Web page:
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New translations and collections of modern masters have helped make 1997 a good year for poetry.

By Adam Kirsch

DECEMBER 8, 1997:  This year has been an unusually rich one for readers of poetry. Many of the nation's best poets have published new books, and there have been several noteworthy new translations, biographies, and editions of poets' letters. Here are some of the year's highlights.

The Bounty (Farrar, Straus & Giroux, $18) is Derek Walcott's first book since winning the Nobel Prize in 1992, and in it he returns to his perennial themes: the West Indies, Europe, and his imaginative relation to each. Walcott is drawn to both the history-soaked atmosphere of Italy ("The foam out on the sparkling strait muttering Montale") and the proud newness of the Caribbean ("It/is nothing, and it is this nothingness that makes it great"); out of the conflict between these much of his poetry is born. The book also contains moving elegies for his mother and for the poet Joseph Brodsky, poems that move beyond sentiment to a kind of ecstatic contentment in the face of death. In the book's long, rich, propulsive lines, Walcott shows again that he is one of the most musical poets now writing.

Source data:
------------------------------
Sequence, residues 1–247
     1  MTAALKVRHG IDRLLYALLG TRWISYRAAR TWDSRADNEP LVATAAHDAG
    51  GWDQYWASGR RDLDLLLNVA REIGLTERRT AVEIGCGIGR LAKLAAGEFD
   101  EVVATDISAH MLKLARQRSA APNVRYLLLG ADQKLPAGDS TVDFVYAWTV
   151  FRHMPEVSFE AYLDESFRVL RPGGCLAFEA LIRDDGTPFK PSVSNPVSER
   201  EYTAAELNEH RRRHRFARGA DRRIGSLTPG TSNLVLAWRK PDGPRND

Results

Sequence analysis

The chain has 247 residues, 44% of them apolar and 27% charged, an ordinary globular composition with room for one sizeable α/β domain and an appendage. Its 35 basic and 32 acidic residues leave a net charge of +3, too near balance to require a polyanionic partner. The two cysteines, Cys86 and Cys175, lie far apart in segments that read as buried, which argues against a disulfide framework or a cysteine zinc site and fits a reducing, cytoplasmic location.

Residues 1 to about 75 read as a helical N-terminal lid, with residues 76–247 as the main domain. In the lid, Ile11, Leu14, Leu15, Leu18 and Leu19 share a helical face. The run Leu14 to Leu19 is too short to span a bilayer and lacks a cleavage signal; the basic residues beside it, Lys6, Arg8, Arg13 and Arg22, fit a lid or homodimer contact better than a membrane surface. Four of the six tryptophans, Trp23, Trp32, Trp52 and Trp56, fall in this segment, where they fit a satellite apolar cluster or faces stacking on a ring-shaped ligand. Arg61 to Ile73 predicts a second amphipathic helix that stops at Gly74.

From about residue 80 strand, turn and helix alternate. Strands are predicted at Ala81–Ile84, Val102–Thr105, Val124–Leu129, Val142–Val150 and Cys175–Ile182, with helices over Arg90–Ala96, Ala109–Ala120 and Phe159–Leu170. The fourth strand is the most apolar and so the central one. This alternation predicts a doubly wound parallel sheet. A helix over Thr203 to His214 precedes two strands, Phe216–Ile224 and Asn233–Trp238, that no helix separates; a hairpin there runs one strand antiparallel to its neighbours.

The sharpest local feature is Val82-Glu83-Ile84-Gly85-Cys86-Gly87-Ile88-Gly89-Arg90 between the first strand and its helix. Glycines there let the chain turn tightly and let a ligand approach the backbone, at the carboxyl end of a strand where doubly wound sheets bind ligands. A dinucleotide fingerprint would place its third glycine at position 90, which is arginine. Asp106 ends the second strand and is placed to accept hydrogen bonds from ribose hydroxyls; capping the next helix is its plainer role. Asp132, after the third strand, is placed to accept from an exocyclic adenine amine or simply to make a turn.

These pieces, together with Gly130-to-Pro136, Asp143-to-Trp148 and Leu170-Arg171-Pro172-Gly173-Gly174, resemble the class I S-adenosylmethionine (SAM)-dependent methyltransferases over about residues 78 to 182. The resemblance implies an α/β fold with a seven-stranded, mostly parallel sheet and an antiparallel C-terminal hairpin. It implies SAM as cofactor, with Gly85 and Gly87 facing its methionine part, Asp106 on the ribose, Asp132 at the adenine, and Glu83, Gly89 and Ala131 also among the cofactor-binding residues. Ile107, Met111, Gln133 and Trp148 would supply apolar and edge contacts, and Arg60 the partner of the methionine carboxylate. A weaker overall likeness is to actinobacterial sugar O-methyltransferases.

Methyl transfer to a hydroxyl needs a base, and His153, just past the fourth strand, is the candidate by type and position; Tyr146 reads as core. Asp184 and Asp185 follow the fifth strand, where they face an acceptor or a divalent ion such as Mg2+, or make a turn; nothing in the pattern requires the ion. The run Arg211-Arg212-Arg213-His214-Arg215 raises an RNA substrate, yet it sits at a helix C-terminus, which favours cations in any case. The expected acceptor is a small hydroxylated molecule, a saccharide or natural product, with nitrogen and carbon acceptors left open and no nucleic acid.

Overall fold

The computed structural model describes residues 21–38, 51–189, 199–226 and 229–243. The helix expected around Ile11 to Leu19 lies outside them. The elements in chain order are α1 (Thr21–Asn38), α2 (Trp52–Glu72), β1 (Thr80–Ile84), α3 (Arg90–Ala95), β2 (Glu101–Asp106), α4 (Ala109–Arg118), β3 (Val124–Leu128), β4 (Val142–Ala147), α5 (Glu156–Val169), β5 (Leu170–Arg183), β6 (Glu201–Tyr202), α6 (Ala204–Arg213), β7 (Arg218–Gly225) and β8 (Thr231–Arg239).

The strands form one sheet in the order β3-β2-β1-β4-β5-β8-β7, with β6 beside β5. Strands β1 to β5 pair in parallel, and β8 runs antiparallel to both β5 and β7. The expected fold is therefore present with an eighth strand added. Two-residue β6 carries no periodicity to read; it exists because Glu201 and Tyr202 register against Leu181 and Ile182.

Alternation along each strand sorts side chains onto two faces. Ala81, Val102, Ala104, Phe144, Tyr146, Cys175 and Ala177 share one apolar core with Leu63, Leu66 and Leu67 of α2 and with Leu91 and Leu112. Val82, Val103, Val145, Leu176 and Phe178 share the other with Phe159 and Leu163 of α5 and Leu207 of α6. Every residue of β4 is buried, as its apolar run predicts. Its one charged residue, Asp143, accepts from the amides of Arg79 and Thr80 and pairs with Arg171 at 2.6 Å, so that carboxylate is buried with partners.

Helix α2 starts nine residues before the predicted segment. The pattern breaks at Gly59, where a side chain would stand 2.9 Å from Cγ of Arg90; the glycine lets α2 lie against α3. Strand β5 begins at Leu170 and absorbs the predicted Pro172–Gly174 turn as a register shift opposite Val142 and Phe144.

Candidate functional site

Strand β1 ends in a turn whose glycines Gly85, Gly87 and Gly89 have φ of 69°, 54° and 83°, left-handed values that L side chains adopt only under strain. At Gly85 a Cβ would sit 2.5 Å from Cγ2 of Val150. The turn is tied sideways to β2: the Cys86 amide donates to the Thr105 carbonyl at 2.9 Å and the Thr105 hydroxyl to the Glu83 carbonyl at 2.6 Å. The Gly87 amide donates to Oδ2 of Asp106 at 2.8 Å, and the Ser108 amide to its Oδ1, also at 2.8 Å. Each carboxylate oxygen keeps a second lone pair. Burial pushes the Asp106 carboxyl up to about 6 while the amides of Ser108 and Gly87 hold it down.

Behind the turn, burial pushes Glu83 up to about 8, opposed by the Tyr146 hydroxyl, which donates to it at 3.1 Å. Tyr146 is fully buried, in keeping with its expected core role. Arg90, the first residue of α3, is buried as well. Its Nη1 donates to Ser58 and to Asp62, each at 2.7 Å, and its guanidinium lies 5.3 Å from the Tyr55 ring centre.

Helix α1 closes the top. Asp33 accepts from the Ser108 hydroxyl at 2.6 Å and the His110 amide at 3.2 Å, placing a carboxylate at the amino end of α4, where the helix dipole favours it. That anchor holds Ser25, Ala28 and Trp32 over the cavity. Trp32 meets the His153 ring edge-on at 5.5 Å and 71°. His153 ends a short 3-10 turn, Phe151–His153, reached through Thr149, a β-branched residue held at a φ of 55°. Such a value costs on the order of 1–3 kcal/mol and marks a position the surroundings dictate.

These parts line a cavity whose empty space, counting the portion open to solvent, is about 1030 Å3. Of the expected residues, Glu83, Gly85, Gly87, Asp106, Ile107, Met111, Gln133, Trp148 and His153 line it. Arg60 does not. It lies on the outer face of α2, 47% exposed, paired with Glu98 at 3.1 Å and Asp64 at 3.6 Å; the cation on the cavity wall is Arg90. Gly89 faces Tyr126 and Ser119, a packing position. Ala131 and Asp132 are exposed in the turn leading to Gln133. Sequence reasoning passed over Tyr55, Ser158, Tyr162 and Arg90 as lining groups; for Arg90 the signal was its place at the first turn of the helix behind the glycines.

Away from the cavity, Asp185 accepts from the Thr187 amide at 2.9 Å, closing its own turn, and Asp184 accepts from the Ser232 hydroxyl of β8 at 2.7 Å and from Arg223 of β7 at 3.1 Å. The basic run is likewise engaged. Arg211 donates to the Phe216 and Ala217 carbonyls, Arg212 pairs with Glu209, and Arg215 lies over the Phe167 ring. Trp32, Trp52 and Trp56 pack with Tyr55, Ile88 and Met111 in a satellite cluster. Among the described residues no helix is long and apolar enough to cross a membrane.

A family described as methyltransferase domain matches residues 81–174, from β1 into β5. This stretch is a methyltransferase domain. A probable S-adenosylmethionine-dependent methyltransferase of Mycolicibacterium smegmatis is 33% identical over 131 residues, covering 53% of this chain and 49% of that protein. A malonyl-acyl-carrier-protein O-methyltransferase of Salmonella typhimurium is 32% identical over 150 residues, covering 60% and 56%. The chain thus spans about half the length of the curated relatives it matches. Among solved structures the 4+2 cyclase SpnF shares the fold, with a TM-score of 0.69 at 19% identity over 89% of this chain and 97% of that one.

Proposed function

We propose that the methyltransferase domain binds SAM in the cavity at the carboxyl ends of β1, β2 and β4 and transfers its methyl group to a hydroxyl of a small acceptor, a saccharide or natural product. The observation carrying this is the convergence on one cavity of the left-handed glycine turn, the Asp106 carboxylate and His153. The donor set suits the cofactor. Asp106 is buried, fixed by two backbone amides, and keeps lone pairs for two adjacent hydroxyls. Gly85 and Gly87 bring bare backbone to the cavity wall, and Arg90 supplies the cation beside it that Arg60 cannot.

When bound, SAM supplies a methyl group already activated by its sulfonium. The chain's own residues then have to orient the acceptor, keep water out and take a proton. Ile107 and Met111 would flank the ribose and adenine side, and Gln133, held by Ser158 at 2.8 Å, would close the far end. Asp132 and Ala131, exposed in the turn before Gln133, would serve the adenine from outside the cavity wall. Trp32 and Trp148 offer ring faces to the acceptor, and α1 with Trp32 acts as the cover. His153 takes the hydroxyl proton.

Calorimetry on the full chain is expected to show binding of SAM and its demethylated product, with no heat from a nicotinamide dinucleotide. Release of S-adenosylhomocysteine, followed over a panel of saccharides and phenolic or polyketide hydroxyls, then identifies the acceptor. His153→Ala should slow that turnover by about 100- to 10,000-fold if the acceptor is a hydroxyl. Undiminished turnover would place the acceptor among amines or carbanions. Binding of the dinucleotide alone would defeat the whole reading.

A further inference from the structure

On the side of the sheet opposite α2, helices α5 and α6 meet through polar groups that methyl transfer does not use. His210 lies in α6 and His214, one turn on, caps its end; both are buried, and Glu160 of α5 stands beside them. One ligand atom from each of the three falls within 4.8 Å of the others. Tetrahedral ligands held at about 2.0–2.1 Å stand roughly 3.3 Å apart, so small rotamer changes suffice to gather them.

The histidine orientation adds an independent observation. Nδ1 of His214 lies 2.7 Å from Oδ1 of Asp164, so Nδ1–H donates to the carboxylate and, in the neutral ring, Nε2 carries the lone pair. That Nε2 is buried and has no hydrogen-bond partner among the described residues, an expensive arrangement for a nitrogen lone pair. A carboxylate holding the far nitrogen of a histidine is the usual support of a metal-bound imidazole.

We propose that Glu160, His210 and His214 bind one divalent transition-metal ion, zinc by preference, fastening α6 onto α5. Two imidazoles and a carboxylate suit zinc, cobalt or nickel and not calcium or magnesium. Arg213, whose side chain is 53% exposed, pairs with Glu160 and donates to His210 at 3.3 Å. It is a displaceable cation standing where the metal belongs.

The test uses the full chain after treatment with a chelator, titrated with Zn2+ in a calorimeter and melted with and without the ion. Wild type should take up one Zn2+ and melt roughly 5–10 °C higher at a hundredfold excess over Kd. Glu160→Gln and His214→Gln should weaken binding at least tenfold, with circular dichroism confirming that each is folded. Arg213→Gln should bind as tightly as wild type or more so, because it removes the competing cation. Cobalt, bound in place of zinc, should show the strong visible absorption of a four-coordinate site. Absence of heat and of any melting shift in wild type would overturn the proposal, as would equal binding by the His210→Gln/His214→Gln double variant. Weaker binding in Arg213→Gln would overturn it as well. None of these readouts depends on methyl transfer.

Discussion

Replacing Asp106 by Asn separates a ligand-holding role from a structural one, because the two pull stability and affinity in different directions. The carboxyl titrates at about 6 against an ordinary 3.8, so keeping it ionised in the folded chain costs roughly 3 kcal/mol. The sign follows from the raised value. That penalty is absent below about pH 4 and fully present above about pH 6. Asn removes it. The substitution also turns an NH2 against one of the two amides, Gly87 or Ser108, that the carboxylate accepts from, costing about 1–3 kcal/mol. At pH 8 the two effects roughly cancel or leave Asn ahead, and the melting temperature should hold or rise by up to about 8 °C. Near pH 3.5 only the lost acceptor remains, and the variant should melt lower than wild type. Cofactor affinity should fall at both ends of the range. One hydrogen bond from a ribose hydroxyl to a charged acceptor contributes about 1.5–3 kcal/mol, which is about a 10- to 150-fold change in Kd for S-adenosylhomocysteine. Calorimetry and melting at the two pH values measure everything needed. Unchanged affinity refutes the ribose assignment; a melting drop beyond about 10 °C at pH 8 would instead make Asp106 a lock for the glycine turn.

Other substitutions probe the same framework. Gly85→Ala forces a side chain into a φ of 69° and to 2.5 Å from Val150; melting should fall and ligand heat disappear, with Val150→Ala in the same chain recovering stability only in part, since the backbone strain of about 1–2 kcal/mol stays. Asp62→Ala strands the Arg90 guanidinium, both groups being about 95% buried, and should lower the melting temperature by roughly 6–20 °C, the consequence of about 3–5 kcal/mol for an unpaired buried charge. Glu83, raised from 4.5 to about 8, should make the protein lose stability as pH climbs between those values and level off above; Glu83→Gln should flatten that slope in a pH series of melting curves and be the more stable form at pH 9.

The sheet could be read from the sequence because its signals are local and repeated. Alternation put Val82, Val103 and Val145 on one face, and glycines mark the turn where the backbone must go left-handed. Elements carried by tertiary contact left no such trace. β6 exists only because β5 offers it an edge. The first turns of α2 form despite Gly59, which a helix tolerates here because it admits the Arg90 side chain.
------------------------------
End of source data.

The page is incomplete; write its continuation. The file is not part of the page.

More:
Robert Pinsky has long been a fixture of the Boston poetry scene; since his appointment as US Poet Laureate, he has become, in a way, the public face of poetry. To coincide with that appointment, Pinsky's The Figured Wheel: New and Collected Poems 1966-1996 (Noonday Press, $15) has been reissued in paperback. The collection shows that Pinsky's style and concerns have been remarkably consistent over the years: he writes an intelligent, meditative verse, taking on large subjects in Pope-like essay-poems -- "An Explanation of America," "History of My Heart," "Sadness and Happiness," "Essay on Psychiatrists" -- and writing with affection about city life, his childhood, and his Jewishness. For Pinsky, poetry is a tool of investigation, and he makes it serve, he writes, as philosophy's "ally in the service of the good."